Of course, you have no control (apart from the passive/active and mic switches) onboard the guitar. It means that any volume or feedback control has to be done outboard. This writer can't help thinking that an optional side-mounted preamp might help some players - we don't all have the luxury of diligent sound engineers, and especially in small band settings, subtle volume/tone changes are part of many players' styles.

A classy, well-designed piece of kit, the Kudos builds on the Rare Earth and other modern soundhole pickups by offering not only a fairly natural 'acoustic'-sounding magnetic tone, but via the onboard mic and dual outputs, the ability to create one of the most natural and dynamic acoustic amplification systems we've heard.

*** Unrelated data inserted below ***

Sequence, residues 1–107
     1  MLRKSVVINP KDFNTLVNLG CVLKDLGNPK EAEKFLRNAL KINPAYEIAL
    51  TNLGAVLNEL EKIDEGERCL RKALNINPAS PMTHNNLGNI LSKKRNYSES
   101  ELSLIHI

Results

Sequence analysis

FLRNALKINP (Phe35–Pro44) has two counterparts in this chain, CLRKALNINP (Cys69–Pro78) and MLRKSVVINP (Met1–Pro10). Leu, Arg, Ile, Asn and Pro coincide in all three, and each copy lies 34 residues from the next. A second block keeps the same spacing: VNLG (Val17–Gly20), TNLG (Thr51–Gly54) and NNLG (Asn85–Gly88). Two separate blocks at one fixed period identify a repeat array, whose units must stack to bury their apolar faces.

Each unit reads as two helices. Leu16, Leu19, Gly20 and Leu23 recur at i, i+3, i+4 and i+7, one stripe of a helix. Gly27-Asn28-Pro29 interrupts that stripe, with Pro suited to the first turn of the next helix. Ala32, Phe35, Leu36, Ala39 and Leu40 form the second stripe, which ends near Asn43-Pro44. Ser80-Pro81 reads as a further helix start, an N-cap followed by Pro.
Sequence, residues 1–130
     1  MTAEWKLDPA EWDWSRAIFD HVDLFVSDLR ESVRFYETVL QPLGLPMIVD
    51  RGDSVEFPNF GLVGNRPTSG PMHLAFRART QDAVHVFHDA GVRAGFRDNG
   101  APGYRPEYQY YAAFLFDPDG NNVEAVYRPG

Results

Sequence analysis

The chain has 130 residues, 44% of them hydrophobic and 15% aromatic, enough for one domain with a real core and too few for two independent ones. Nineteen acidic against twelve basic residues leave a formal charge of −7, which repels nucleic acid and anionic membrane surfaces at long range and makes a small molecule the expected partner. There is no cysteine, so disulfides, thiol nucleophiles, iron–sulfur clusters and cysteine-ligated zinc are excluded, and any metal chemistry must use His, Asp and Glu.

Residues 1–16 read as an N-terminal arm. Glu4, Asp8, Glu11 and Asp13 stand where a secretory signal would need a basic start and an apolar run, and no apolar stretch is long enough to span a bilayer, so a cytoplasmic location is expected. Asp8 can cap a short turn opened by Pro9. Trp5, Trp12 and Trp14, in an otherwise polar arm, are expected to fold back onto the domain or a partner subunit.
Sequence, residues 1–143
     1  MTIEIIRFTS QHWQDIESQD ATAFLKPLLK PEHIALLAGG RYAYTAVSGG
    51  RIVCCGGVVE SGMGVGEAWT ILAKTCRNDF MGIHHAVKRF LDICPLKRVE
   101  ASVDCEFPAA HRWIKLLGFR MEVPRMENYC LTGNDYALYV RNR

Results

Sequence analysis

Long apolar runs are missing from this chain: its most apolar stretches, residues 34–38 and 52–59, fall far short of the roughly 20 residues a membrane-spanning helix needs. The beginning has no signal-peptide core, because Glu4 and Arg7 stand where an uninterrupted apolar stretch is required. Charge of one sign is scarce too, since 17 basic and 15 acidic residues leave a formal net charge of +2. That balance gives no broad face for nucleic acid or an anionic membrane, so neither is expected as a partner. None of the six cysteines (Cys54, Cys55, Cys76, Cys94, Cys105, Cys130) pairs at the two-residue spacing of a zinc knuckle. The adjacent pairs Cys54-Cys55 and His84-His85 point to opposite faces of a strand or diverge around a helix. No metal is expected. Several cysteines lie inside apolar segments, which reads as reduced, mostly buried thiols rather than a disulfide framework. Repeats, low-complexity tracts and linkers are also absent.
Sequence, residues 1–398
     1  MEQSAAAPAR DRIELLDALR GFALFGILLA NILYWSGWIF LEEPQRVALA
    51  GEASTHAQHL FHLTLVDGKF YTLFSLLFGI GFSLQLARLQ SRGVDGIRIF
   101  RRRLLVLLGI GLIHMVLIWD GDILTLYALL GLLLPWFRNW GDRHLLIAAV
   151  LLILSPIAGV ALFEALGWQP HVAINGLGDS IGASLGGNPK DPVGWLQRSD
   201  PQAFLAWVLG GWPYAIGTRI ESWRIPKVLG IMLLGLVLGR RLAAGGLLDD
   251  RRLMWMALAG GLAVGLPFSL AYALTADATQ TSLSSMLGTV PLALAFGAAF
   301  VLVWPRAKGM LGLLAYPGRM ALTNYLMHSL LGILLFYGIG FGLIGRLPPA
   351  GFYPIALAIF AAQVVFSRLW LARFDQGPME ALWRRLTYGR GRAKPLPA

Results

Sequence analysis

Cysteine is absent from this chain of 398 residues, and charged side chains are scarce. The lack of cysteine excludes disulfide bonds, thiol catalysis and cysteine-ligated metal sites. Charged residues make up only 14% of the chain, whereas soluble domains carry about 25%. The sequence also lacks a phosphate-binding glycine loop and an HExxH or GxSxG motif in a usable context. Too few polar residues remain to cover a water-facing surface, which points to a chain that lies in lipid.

It also proves excellent DI'd for recording, especially handy where you can't use a regular mic. It can be easily fitted (and removed without trace) so long as you can handle fitting the output jack.

As we've said, it's not for everyone. Some players need onboard control for their gigs, and to maximise the mic sound it really does need to head out front and not to your monitor or acoustic amp. However, for the right player, the best has just got better.

Dave Burrluck

Dave Burrluck is one of the world’s most experienced guitar journalists, who started writing back in the '80s for International Musician and Recording World, co-founded The Guitar Magazine and has been the Gear Reviews Editor of Guitarist magazine for the past two decades. Along the way, Dave has been the sole author of The PRS Guitar Book and The Player's Guide to Guitar Maintenance as well as contributing to numerous other books on the electric guitar. Dave is an active gigging and recording musician and still finds time to make, repair and mod guitars, not least for Guitarist’s The Mod Squad.